Ocean Ancestors: Antarctic krill
I work as an artist in residence in the Faculty of Science at the University of Technology Sydney. I work with people there, and around the world, to combine our perspectives on disruptions to natural patterns of change. Together we are building an animated interactive map, to reconnect science and art with Indigenous knowledge that has for too long been missing from reports to the International Panel of Climate Change (IPCC).
The biggest water project in my life is learning and animating the life cycle of the Antarctic krill (Euphausia superba). And through that process of observing, reading papers, listening to people with different perspectives, I came recognise the inter-connections between flows of water and flows of knowledge.
My place is the ocean and my language is animation inspired by dance and drawing. I make animations to embody what I learn, in my quest to bring together the different ways of knowing that I grew up with, that come from Colonial and Indigenous Australian world views.
My place is the ocean - the ocean within – the ocean of the mind - imagination – and the ocean that connects all life.
The most critical issues relating to water are ocean pollution and disruption to natural flows in rivers. These issues are critical to health of environment and health of people.
Pollution and disruption to natural water flows come from deprivations of knowledge flows that run deep in people with new and ancient knowledge of relationships necessary to maintain balance between plants, animals and people.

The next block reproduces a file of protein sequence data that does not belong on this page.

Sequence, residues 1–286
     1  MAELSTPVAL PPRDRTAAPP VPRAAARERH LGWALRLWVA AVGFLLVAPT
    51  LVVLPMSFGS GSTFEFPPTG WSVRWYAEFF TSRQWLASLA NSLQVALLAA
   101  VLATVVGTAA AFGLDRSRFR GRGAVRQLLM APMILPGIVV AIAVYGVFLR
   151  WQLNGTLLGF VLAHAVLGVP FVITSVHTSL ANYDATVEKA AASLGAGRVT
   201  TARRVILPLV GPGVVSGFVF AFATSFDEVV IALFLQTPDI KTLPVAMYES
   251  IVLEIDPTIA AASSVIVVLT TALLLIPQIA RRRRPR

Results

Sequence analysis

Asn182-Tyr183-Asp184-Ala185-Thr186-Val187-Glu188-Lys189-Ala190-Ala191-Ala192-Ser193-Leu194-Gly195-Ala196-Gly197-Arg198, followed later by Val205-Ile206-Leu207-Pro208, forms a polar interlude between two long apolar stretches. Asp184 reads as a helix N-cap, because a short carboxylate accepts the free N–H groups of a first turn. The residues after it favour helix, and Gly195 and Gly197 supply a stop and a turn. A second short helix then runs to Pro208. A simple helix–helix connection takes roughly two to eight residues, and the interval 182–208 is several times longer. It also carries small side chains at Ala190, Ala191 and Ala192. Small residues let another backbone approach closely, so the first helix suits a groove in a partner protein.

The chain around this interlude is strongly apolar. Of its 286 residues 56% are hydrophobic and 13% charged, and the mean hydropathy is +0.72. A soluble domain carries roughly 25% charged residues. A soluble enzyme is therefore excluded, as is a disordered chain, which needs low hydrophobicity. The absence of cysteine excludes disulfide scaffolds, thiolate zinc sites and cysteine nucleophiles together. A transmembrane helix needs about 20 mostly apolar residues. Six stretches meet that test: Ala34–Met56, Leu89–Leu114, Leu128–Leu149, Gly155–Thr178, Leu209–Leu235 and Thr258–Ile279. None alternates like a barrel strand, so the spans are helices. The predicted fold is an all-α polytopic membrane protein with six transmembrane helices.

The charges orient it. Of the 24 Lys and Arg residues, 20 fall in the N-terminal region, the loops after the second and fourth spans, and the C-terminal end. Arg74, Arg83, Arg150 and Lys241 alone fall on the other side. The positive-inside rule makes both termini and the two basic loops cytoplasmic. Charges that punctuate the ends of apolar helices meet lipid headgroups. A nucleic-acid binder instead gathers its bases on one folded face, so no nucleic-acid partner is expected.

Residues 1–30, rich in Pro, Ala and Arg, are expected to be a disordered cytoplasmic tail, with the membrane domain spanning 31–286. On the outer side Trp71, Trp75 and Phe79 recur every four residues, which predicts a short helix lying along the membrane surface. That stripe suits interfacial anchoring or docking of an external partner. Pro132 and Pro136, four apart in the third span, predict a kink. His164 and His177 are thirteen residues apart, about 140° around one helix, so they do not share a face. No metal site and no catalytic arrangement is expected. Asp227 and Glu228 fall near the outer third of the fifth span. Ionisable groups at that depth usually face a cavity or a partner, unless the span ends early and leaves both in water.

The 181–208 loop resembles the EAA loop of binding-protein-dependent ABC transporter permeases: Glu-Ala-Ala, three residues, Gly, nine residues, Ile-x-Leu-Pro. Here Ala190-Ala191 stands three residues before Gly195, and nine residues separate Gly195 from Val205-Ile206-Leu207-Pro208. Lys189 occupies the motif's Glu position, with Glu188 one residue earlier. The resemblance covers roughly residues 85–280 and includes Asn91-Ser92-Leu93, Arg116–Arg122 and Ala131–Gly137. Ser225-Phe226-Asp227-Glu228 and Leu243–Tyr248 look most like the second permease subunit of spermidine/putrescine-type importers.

Enduring knowledge flows through new and ancient forms of language – through the arts and scientific data.
Language reflects our place and our relationships.
The primal forms in languages of art and data reflect the natural world, and can be found in the arts of many cultures.
Learning stories of relationship are vital to sustaining life. These stories come from our waterways.
Yal yal is the Gumbaygnirr name for the three flowing lines that signify water.
In Barkindji language, water is signified by concentric circles.
When animated, the primal forms bring to life the experience of water, and so engage people in stories that come from the scientific data that underpin cultural knowledge of behaviours that are necessary to maintain natural flows, and the vital balance between plants, animals and people. "
Lisa Roberts 2021